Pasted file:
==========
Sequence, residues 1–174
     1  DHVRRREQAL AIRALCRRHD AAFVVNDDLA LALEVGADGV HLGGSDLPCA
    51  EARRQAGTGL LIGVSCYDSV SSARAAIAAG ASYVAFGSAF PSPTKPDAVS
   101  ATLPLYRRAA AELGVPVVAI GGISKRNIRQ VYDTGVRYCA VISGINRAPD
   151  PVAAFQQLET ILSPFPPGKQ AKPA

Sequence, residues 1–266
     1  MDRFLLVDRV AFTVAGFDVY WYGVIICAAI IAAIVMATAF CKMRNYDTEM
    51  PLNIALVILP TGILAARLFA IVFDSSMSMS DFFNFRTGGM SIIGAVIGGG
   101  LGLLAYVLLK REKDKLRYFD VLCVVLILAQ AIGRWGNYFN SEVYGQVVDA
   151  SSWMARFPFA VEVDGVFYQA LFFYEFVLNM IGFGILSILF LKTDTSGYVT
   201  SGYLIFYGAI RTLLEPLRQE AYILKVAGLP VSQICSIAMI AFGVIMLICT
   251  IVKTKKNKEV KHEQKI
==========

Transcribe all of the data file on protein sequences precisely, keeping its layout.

Sequence, residues 1–174
     1  DHVRRREQAL AIRALCRRHD AAFVVNDDLA LALEVGADGV HLGGSDLPCA
    51  EARRQAGTGL LIGVSCYDSV SSARAAIAAG ASYVAFGSAF PSPTKPDAVS
   101  ATLPLYRRAA AELGVPVVAI GGISKRNIRQ VYDTGVRYCA VISGINRAPD
   151  PVAAFQQLET ILSPFPPGKQ AKPA

Sequence, residues 1–266
     1  MDRFLLVDRV AFTVAGFDVY WYGVIICAAI IAAIVMATAF CKMRNYDTEM
    51  PLNIALVILP TGILAARLFA IVFDSSMSMS DFFNFRTGGM SIIGAVIGGG
   101  LGLLAYVLLK REKDKLRYFD VLCVVLILAQ AIGRWGNYFN SEVYGQVVDA
   151  SSWMARFPFA VEVDGVFYQA LFFYEFVLNM IGFGILSILF LKTDTSGYVT
   201  SGYLIFYGAI RTLLEPLRQE AYILKVAGLP VSQICSIAMI AFGVIMLICT
   251  IVKTKKNKEV KHEQKI